Zoom-in or Zoom out: trying to get the right
focus

Accurate, clear but not overwhelming
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Logic ModelEvaluation
When done right, sets the focus for the
evaluation (Figure 6.8)

Focus on activities:


Did they do what they said the were going to do? If
not, what barriers were in the way?
Focus on outcomes:
5 critical outcomes
 Do all, some, time-sequence?

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Exercise
Familiar Program
Goals?
 Objectives?
 Activities?
 Underlying theory

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Applying the Program Outcome Model
Inputs
Activities
Outputs
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Outcomes
Impact
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Challenges in Developing Logic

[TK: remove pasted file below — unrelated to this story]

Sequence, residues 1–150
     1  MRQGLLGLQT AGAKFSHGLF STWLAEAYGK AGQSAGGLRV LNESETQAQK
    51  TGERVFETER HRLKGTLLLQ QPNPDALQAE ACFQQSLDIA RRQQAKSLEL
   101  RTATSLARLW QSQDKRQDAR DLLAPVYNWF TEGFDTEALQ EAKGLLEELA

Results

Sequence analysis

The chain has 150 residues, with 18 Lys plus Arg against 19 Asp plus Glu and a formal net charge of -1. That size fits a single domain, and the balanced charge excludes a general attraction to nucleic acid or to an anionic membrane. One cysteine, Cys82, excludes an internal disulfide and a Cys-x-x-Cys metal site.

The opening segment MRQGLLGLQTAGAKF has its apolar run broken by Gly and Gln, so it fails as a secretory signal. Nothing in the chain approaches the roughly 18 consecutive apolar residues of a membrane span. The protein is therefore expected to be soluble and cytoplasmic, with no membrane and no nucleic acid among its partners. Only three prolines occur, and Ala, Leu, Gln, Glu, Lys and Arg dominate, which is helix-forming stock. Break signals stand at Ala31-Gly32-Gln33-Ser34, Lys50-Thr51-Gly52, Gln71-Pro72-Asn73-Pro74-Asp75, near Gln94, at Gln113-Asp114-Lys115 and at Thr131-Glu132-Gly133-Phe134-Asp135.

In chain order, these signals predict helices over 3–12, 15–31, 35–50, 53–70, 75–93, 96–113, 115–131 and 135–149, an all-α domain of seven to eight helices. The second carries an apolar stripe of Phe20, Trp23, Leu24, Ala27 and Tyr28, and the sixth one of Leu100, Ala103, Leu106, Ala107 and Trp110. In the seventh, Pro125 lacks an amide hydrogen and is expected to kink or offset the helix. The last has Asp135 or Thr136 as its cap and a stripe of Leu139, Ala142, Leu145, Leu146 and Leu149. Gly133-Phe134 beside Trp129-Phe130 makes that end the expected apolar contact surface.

Model
Outputs and activities are seen as outcomes
Program managers focus on actions
 Visible and more within program managers’
control
 Easier to confirm task completion than measure
an outcome
 Measures are not easy to come by


Not all the can be counted really matters and all that
matters can not necessarily be counted
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Logic Model: No Panacea
Can’t fix a situation where there is no real
theory of change
Still need a rigorous research design
Other alternatives might work better

Stuckness
No intervention exists in isolation

Larger events may be uncontrollable.
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Summary of
Program Outcome Model
Identify components of a program
Identify relationships between the program:
expected and actual
Identify what we want to measure
Focuses our attention on outcomes and
impacts
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Resources
Joy A. Frechtling, Logic Modeling Methods
in Program Evaluation, Wiley and sons,
2007.
Kellogg Foundation: Logic Model Guide
http://www.wkkf.org/Pubs/Tools/Evaluation/Pub3669.pdf
CCD: Logic Model Resources
http://www.cdc.gov/eval/resources.htm#logic%20model